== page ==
Wario Land II was one of the better-received Game Boy/Game Boy Color games, as it transformed Wario into an indestructible anti-hero. Instead of dying when crushed, burned, or beaten, Wario gained the attributes of his would-be killer; being crushed flattened him, while burning set him ablaze and so on. These new powers could be used to progress through the games many worlds. Wario Land 3 used the same successful formula, and benefited from GBCs slightly better visuals.
Each level housed treasure to collect, but in true adventure game fashion, some couldnt be reached without a bit of backtracking or clever use of Wario's newfound immortality. This unique execution of power-ups and exploration, two well-worn aspects of 2D games, helped make Wario Land 3 one of the best games on GBC. Add in some nice animation, fun music, and a not-totally-throwaway story and you've got a sequel worth of being called one of Game Boy's best.
13. Final Fantasy Adventure
Technically this isnt a Final Fantasy at all. Before being rebranded internationally, Adventure was the first entry in the Seiken Densetsu or Secret of Mana series, which explains why its style is more Legend of Zelda than Final Fantasy. Still, the top-down adventure was a little more complex than Zelda's NES original, with a bigger focus on stats and leveling up than Link had. With some pretty high-end GB graphics for the time and a soundtrack from Square's top composer Nobuo Uematsu, Adventure was ahead of its time.
The plot focused on a young boy out to save the Mana Tree from being destroyed by the Dark Lord, a story closer to the uncomplicated Zelda mythos than the increasingly dense Final Fantasy series. But the large number of items to collect, along with the ability to specialize where stat points went when leveling up, made Adventure a bit deeper than its Nintendo counterpart. Sure, its translation wasn't the best, but it was a great title that was at home on the Game Boy and is worth another look, whether in its original version, or the Sword of Mana remake for Game Boy Advance.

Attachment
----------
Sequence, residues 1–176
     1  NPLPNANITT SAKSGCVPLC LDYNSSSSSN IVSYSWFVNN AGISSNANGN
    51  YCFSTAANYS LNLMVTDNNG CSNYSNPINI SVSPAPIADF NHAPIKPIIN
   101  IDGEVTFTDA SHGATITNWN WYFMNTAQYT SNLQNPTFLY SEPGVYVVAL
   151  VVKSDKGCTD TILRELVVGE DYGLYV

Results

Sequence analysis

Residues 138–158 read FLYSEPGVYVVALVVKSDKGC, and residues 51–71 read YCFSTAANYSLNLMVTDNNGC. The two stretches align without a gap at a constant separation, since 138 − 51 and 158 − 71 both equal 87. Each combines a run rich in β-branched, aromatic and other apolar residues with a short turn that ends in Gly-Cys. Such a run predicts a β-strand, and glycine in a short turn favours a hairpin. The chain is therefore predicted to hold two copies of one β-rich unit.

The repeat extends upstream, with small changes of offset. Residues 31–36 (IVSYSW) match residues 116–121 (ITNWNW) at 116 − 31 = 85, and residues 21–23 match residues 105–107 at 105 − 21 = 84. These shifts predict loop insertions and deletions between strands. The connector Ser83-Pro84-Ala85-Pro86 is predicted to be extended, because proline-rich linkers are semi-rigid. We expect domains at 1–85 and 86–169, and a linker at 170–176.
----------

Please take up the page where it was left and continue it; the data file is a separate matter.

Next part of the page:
12. Metroid II: Return of Samus
By today's standards, with its black-and-white graphics, labyrinthine corridors, and complete lack of a map, Metroid II is indeed a hard game to praise. Yet despite all these setbacks and criticisms, the inherent sophistication of the story (and how it affected the entire series) makes this undoubtedly one of the most important Game Boy games of all time, if not quite one of the best.
After defeating Mother Brain and her army of life-sucking Metroids, bounty hunter Samus Aran took the fight to SR388--the Metroid homeworld. Return of Samus provided eerie insight into the alien planet, revealing mutated versions of the titular creatures that could now grow legs and leap around the screen, as well as a gigantic queen alien that hatched Metroid after Metroid. Once the queen and her planet of babies is vanquished (no thanks to the fuzzy Game Boy screen), Samus discovers a single surviving Metroid and can't bring herself to kill it. This one act, tucked away in the ending of a fairly crappy Game Boy game, set up Super Metroid, as well as Fusion and Other M. It was unusually coherent and literal storytelling in a time when Nintendo tended to avoid locking its characters down into one timeline, plus the very topic--genocide--seemed awfully edgy for a game meant for 10 year olds.